Wednesday, December 30, 2015

An analysis of the Oliver Letwin "apology"

In his apology Oliver Letwin said as follows:
 "I want to make clear that some parts of a private memo I wrote nearly 30 years ago were both badly worded and wrong.
"I apologise unreservedly for any offence these comments have caused and I wish to make clear that none was intended" 
Let's just analyse this because it is in many ways a classic of its type.
Sentence one:
"Private memo"    Is very bad. The explicit presumption is that because the memo was "private" therefore it mattered less what was in it. So what you say in private is allowably different from what you say in public. This may be true - the whole idea of "on the record" and "off the record" relies on it. But consider whether Mr Letwin was more likely to say what he really believed in private or in public. See what I mean? Conclusion: these were (are?) his true opinions.
"I wrote nearly 30 years ago" - very bad again. The presumption here is that things said three decades ago were in a different time and therefore should not be judged by the standards of today. Bad in two ways. Firstly it denies the idea of core principle. His memo offends against a premise that such opinions are unacceptable anywhere any time. Also there is no statute of limitations on what you say. If you were offensive 30 years ago you are still offensive today. Indeed it matters not whether you said it decades ago or yesterday. When you said it is irrelevant.
"Badly worded and wrong". Very good. He could have just said "badly worded" which would have implied it was a drafting error. He didn't. He says what he wrote was "wrong" - good.
Sentence Two
"apologise unreservedly" is good. Unequivocal and clear.
"...for any offence these comments have caused." Oh dear! The apology breaks down at this point and the key word is "any". This gratuitous word suggests that there might be some doubt as to whether or not offence has been caused. Take out "any" and replace it with "the" and you have something that appears sincere. Letwin is apologising and he is doing this because he HAS caused offence. There is no doubt about this. But the "any" tries to suggest that there may be some doubt in the matter or that those who are offended are in the minority. Again this may be true, but it is cheap to suggest so. The "wrong" in the first sentence is good. The "any" in the second seeks to qualify this. It shouldn't .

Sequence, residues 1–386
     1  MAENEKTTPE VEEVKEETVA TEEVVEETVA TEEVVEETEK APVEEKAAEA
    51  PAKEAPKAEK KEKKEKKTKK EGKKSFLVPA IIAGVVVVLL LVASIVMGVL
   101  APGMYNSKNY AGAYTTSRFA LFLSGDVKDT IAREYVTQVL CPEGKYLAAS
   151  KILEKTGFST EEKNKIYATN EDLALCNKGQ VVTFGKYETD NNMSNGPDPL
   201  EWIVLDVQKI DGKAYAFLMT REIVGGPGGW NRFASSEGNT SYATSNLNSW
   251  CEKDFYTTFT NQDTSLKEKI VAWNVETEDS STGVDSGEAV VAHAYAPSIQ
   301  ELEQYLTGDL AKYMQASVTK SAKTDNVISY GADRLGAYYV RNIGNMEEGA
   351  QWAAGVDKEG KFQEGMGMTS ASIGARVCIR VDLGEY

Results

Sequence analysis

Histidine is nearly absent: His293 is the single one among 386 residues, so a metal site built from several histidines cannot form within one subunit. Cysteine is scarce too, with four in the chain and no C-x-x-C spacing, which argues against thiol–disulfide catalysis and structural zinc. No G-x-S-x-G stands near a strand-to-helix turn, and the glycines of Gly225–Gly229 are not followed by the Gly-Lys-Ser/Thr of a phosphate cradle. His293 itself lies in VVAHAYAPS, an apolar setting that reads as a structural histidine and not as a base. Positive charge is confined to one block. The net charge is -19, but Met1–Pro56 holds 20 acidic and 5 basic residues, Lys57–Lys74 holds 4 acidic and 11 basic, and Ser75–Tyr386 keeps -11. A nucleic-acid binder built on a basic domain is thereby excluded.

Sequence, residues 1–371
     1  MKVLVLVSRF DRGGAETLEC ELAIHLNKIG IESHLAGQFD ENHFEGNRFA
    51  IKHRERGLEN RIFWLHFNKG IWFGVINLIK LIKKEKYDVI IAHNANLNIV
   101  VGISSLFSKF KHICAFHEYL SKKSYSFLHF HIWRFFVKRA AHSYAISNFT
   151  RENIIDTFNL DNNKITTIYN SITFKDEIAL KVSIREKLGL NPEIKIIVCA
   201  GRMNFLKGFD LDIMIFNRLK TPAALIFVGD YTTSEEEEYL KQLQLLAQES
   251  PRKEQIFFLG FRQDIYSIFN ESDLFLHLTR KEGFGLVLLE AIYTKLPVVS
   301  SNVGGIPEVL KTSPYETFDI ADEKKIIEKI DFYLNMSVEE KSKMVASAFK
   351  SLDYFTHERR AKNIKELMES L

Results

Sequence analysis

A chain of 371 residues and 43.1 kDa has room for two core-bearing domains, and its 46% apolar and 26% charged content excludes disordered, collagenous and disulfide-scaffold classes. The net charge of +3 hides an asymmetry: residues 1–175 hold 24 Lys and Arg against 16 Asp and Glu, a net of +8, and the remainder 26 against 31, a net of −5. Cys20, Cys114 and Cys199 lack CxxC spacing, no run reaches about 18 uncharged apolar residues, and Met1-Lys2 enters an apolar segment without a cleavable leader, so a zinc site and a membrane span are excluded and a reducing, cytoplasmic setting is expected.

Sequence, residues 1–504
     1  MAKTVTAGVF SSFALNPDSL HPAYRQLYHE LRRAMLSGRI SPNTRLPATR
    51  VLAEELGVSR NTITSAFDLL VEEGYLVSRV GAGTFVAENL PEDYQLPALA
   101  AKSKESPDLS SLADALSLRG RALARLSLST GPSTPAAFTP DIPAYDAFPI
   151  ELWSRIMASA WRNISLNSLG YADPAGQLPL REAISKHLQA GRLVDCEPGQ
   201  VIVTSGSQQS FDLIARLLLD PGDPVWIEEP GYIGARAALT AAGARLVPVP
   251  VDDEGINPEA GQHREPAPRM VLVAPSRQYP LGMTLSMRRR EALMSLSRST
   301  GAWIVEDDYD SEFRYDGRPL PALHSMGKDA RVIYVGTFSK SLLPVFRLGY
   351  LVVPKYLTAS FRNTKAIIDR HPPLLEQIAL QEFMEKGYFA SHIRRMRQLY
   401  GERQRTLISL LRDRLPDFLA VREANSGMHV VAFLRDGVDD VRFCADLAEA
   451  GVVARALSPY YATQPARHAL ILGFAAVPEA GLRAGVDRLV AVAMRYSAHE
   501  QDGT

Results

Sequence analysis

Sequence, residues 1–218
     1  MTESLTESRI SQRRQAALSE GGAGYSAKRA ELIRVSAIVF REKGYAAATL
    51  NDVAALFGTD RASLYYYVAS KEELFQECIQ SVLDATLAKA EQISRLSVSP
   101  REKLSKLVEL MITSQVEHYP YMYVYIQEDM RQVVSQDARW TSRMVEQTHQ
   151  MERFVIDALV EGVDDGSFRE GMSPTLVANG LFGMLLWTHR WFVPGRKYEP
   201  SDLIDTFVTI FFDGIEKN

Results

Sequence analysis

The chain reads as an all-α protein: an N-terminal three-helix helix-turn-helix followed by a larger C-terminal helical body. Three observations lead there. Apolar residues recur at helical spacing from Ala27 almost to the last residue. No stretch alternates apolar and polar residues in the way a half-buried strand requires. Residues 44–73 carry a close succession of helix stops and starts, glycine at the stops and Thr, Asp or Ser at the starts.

"... wish to make clear that none was intended"  here Letwin falls off the rails entirely. Why would anyone, let alone a senior politician, seek to cause offence? Is anyone suggesting that Letwin's objective was to cause offence? Not that I've seen. It was, after all, a "private memo" which is hardly the medium you would choose if your intention was to cause offence ! So Letwin is here apologising (sort of) here for something nobody is accusing him of !
Apologising for mistakes is an honourable thing to do. But this "apology" is an ill-drafted mix of the good, the bad and the dismissive. Is it sincere in any way? I very much doubt it. 


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